But in several Hampton Roads communities, the fluoride levels remain higher than the EPA standards. In some sections of Smithfield, the fluoride level in the water is between 4.5 and 5 parts per million, while in the Holland area of Suffolk it’s as high as 6.6 parts per million. In contrast, Newport News, which is outside fluoride-rich pockets, adds about 1 part fluoride to every million parts of its drinking water to prevent tooth decay.

That level is considered optimal in fighting cavities, said Rebecca King, chief of the oral health section at the North Carolina Division of Public Health and Human Services.

“I don’t want to see a young child drinking 4 parts per million or even 2 parts per million,” she said. It could stain their teeth, King said.

As a result of the federal regulations, South Carolina put fluoride rules into place in 1987, when about 70 water systems in the state exceeded federal levels. Today, only two water systems barely test above the EPA’s standard of 4 parts per million, according to South Carolina health officials. North Carolina sets its fluoride level at 1.2 parts per million and has only a few wells that exceed this more stringent level.

But the Virginia Department of Health has consistently argued that the fluoride problem is cosmetic and does not affect health.

Fluoride “does not make you immediately sick and it does not poison you like lead and arsenic,” Horne said.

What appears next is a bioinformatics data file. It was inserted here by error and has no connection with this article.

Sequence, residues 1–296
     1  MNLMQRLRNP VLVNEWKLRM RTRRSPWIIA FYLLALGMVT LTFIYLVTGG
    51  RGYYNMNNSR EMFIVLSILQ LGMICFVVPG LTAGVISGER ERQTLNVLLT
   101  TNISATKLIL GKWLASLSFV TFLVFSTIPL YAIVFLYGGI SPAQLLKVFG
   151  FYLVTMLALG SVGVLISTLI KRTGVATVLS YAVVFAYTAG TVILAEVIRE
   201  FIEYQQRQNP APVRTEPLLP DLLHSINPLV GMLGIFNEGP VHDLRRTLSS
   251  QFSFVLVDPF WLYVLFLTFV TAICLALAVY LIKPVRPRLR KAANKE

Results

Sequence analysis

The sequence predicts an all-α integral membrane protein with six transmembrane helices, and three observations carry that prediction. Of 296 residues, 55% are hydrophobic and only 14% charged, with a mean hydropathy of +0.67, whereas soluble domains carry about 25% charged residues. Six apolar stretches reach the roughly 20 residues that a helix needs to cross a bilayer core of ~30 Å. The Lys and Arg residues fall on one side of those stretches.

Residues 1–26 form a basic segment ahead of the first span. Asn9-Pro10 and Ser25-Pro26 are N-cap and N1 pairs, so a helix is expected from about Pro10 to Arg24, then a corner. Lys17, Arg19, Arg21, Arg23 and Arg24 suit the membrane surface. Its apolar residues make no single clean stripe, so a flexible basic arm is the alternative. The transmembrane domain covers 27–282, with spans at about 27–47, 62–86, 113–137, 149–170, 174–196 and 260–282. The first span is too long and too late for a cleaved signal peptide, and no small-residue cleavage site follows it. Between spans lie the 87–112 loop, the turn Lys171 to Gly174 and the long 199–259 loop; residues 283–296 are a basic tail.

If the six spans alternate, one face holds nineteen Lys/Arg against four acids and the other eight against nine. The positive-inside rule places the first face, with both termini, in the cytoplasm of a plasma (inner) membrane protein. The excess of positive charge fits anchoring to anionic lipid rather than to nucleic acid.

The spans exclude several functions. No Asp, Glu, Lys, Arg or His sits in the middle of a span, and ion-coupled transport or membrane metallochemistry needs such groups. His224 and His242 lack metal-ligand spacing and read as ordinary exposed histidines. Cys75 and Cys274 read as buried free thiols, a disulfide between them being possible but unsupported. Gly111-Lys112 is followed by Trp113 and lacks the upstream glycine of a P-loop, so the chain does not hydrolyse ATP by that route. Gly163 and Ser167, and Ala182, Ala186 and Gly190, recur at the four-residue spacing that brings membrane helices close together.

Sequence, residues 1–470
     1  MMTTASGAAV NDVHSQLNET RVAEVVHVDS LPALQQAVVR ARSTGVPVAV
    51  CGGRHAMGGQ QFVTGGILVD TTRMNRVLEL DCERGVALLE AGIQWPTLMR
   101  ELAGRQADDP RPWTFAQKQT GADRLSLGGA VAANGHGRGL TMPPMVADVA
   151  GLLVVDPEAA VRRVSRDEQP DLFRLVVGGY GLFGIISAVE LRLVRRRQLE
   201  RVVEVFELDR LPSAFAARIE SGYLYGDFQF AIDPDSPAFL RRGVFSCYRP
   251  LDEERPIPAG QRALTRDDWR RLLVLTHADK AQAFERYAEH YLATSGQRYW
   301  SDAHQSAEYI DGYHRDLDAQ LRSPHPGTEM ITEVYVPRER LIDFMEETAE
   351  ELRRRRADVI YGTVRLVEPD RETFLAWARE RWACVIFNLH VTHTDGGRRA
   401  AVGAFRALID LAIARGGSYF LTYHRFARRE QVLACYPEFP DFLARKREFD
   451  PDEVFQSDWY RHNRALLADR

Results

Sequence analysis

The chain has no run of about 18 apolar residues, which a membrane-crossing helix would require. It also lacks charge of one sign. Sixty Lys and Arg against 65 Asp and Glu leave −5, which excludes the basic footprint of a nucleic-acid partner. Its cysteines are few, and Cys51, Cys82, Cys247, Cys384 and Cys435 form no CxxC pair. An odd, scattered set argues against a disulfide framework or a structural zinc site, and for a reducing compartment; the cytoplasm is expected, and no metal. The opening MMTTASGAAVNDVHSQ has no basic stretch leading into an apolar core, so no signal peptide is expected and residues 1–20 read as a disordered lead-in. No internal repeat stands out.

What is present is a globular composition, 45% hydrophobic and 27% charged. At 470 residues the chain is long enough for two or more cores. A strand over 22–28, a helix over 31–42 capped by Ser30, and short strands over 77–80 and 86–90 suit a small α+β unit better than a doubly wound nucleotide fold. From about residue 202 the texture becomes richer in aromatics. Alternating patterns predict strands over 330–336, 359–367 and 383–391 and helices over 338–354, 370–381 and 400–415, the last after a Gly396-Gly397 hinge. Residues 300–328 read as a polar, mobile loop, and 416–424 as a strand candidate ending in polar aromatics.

He also said residents would not suffer from skeletal fluorosis, or bone problems, from the fluoride levels in southeast Virginia.

But the EPA’s guidelines say people who drink water in excess of the federal standard for many years can get bone disease and children who drink water with half of the standard – 2 parts per million – may get stained and pitted teeth, also called dental fluorosis.

“Our philosophy has always been that people deserve the same water quality and the same protection regardless of the size system they are on,” said Joe Rucker, assistant chief of the bureau of Water for the South Carolina Department of Health and Environmental Control.

In Virginia, no one has tried to hide the fluoride issues and its health effects from residents, officials said.

“People who have grown up here knew that it was there,” said Isle of Wight Public Utilities Director Wayne Rountree. “There wasn’t a big conspiracy to cover up that fluoride would stain teeth. People knew that most small children here would have mottled teeth.”

And local officials said they trusted the state Health Department and its guidelines. “We did everything the Health Department asked us to do,” said Peter Stephenson, Smithfield’s town manager.

Newcomers, however, are often startled to learn about the fluoride when they receive the now-required quarterly notices.

“Luckily we found out about it,” said Pat Bourassa, who moved four years ago with her two children to Gatling Pointe, an upscale subdivision on the outskirts of Smithfield.

About six months after moving in, a pediatric dentist warned the family not to drink the water, she said. High fluoride levels stain children’s teeth as the enamel of their permanent teeth begins to develop.

Karla Myers, who moved six years ago to Carrsville, in southern Isle of Wight, first learned from neighbors about the water. In 2003, Carrsville’s wells tested at 5.3 parts per million.

“It’s just hard,” said the mother of two young children. “They’ll grab a glass, fill it up and you go screaming, ‘No, don’t drink the water.’ I just wish they’d fix it.”